Advocates of the TLAC approach tell us that once embedded it frees up time to do all of this harder thinking about the subject; to do the planning of questions, to consider what core learning is needed to move on to the next step. I do not doubt that for a moment and having clear routines and expectations in my own classroom was key to enabling me and my pupils to really get to grips with the intricacies of the subject. However, this embedding takes time, especially when working with a wide range of professionals, many of whom may have their own habits honed to fluency already. Deciding on a wholesale Teach Like a Champion approach, following a quick INSET on the principles, is both unlikely to have the desired effect of changing these habits and transforming learning, and quite possibly may serve as a distraction from the other important elements which teachers need to explore. For some exhausted teachers, spinning yet another set of plates not only makes them feel like they are less effective but also that they are becoming disempowered and unable to draw on the expertise they have developed over a number of years. We know the more experienced a teacher is the more information they have to select from. They take longer to make decisions as they select from this, but their choices are much more likely to be the best one for the context. Is adding something else on top of this, which might initially be less effect than their already tried and tested approach, really the best for all staff?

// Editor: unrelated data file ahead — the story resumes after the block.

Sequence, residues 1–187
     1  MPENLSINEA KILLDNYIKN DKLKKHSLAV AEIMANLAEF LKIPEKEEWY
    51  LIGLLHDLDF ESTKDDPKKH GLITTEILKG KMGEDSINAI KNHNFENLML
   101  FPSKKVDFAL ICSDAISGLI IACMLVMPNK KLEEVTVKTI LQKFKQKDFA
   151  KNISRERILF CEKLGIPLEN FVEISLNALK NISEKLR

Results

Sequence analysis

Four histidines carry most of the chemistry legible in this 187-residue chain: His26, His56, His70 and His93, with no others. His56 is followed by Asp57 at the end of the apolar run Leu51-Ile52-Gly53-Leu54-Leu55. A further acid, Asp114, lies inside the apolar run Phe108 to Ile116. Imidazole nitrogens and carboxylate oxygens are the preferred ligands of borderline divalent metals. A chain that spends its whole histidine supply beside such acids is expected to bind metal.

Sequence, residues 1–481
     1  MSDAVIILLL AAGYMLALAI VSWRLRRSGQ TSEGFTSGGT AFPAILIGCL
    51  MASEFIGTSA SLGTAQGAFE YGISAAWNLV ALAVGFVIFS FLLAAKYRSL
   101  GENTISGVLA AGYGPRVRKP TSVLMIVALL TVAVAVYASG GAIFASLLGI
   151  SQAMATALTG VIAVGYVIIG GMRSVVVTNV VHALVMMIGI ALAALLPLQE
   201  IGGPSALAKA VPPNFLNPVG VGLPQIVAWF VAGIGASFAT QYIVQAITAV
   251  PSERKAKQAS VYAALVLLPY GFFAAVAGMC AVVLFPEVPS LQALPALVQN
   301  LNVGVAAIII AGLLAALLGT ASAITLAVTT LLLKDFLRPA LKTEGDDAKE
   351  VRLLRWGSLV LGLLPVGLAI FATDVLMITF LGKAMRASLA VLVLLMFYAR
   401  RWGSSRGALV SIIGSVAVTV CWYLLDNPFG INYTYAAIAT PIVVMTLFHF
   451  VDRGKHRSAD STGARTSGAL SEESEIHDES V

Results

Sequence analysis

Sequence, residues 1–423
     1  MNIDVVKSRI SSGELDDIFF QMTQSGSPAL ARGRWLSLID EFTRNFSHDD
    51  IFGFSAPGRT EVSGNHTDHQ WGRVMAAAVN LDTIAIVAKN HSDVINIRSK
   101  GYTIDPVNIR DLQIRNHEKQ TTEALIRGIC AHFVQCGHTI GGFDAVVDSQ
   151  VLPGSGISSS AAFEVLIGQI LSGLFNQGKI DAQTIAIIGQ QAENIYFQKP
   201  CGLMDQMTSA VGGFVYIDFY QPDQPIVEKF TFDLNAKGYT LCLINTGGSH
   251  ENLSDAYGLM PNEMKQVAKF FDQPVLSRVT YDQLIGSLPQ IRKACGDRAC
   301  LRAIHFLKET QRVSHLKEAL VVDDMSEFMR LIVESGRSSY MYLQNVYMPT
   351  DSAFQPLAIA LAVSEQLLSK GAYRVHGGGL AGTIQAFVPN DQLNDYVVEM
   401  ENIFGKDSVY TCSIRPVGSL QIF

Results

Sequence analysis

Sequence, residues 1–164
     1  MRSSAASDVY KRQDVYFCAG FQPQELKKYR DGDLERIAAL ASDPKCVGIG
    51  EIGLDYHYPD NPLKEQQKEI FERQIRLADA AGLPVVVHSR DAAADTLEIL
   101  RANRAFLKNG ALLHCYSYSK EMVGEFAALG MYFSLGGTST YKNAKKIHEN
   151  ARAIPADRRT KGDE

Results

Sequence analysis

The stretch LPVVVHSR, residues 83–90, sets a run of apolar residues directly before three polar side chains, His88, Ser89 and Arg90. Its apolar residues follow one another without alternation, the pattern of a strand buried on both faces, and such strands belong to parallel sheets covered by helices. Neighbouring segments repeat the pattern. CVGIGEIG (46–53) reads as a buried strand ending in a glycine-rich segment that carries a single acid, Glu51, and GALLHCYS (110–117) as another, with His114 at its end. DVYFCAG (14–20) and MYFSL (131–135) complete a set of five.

I am therefore an advocate of a more measured approach. We can’t just grab a copy of the book, throw in a few sessions and we are good to go. Just as with any change, we need to consider what the problem you are trying to fix is before you sweep everyone into the hall and launch into 3.0. If you think pupils aren’t engaging with the explanations given or are required to think deeply in response to the questions they ask, then work on those areas. Spend time discussing why it matters, unpick how it relates to the contexts teachers are working in and the subject they teach. Check that the understanding is then shared and look at the way in which individuals can be supported to try this out. Expect there to be times when it might not work and be open to exploring why that may be. Expect there to be some who don’t need something new as there isn’t a problem to fix. That doesn’t mean they can’t develop and consistency across a school or subject can benefit all. But maybe sometimes we need to consider where something just might not be needed.

Dylan Wiliam talks about a ‘tight but loose’ approach, having fidelity to the core principle you are trying to develop, for example asking probing questioning to elicit deeper thinking, and then allowing people to explore how this might work in their context. They adapt it to meet their context, whilst not moving too far away from that central idea, remaining faithful to the idea but not necessarily being uniform in approach. I would suggest thinking about TLAC in the same way. There are some great things there, and much to explore, but tt shouldn’t be a straight-jacket. It is a set of tools which we can draw on and professional judgement should allow us to know when and where we will use them to their best effect.